10 Random Things I Love About Korea

Galbi (grilled rib), a Korean bbq

Image via Wikipedia

I just paid off another credit card!!  WOOHOO!!!!!!

As many of you know, I originally came to teach in Korea for financial reasons because my American wages were not paying for my American education.  However, once I got here, I found life here for me to be pretty sweet.  BONUS!!  So in celebration of one more chunk of my debt gone, I decided to regale you with my random list of things I love about living here.  I’m sure there are similar lists such as this out there, but this is my personal take on life in the ROK (in no particular order).

1.  The salsa scene (you knew that was coming).  For any serious salsa dancers out there (especially on2 fiends) who haven’t been to Seoul yet, make an effort to stop in for a weekend when you can.  The dancing here is amazing and I’ve been told by many people from other Asian countries that it’s the best in Asia.

2.  Water machines everywhere!  I don’t mean bottled water that you pay for, I mean an electric machine that instantly disperses hot and cold water.  The ‘water cooler’ isn’t just in the office here folks.  It’s in restaurants, offices, schools and even salsa clubs.  Unlimited great tasting water.  Pure and simple.

3.  Public transportation.  It’s clean, it’s efficient, it’s safe and it saves me hundreds of dollars a month in car ownership expenses.  Bravo.  Between the hours of 5:30AM and 2AM I can get around without having to pay for a taxi.

4.  Korean BBQ.  Haven’t found anyone (excluding vegetarians) who does not like it.  Bite-sized pedacitos of juicy savory meat, cooked table-side, dipped in a variance of toppings like sesame oil and salt or the red stuff (whose name I do not remember).  Then, partake of the unlimited amount of #5.

5.  Side dishes.  It is customary when eating in Korean restaurants that your entrees come with an array of refillable side dishes.  Most of which I honestly don’t know what they are specifically.  There is always kimchi (it is the national pride and joy), plus usually some greens in red sauce, perhaps something mixed with mayo, onions, garlic and even tofu.

6.  Coffee shops.  They are completely franchised here with new ones popping up all over the place.  We often joke that every 3rd store is a coffee shop.  Despite being franchise-y, I like them because they are aesthetically pleasing and due to competition, they sometimes get creative on how to get the customers inside.  There are jungle themes, forest themes, urban looks, and even a cat and dog cafe where you can play with the shop’s cats and dogs, respectively, while you sip away (I have yet to go to one of those because the US health code is so ingrained in my brain, but the idea is cool for people who can’t have pets at home).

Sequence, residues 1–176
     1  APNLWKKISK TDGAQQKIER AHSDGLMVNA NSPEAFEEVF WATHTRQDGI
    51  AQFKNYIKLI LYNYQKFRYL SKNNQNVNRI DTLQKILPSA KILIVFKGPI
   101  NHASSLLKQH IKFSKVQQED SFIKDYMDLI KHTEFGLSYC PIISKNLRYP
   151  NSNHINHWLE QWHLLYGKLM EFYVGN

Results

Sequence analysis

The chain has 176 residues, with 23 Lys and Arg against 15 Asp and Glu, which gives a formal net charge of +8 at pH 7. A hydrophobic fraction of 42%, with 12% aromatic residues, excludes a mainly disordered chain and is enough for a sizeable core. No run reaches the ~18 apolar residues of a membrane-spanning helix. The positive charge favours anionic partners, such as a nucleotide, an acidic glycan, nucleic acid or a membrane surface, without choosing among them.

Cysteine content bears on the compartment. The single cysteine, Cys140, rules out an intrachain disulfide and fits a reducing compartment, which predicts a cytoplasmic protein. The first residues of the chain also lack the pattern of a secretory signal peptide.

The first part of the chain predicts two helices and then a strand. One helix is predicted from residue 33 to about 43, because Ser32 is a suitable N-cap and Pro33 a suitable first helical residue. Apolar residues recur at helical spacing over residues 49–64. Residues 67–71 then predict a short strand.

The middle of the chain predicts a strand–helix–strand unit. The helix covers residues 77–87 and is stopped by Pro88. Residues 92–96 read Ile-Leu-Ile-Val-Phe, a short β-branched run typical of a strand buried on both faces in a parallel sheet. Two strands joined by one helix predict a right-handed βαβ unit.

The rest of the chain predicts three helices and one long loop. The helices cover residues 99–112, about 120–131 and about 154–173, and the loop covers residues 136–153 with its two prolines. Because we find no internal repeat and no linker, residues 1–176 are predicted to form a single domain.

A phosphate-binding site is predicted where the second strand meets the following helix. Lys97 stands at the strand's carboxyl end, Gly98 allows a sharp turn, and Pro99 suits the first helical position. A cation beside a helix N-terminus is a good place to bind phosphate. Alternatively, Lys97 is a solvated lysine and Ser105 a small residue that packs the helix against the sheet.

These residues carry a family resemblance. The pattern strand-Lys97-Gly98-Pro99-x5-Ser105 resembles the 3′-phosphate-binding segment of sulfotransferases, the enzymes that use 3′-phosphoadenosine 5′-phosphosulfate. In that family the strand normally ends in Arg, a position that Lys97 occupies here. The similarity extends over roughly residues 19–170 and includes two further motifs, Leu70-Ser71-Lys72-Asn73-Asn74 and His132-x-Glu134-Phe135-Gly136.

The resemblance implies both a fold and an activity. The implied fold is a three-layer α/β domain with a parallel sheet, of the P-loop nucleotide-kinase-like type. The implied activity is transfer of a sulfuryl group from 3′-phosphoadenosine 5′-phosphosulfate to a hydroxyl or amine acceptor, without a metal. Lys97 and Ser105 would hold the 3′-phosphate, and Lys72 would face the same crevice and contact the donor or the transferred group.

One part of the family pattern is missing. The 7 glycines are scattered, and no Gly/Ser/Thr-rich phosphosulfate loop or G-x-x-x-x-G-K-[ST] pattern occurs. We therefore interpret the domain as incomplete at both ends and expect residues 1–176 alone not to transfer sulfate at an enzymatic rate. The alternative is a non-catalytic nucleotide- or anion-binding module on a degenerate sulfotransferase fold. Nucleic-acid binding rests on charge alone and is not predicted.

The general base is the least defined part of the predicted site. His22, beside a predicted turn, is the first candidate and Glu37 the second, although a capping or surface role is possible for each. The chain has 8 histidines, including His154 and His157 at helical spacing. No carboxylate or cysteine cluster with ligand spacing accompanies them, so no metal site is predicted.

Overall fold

7.  Sticking out like a sore thumb.  <—Where does that saying come from anyway?  I know some people probably hate this part, but I love it.  It makes me easy to spot in a crowd when my friends try to find me, especially since I am blonde, and the store owners always remember you.  Plus although some people may stare because you are different, that only gives you free range to act ridiculous (not in a drunken college American way, but in a goofy, dance around the subway platform way).  If they are going to stare, why not give them something to watch?

8.  Well-dressed men.  Ladies, hands up if you hear me on this one.  The younger men here can look like they just walked out of a magazine.  Some are tall and thin which means those runway type clothes are made for them.  They can pull off suits, geek chic, capris and popped collars without even trying.  It’s nice to see the men put in a little effort, like male birds showing off their colorful feathers for the ladies.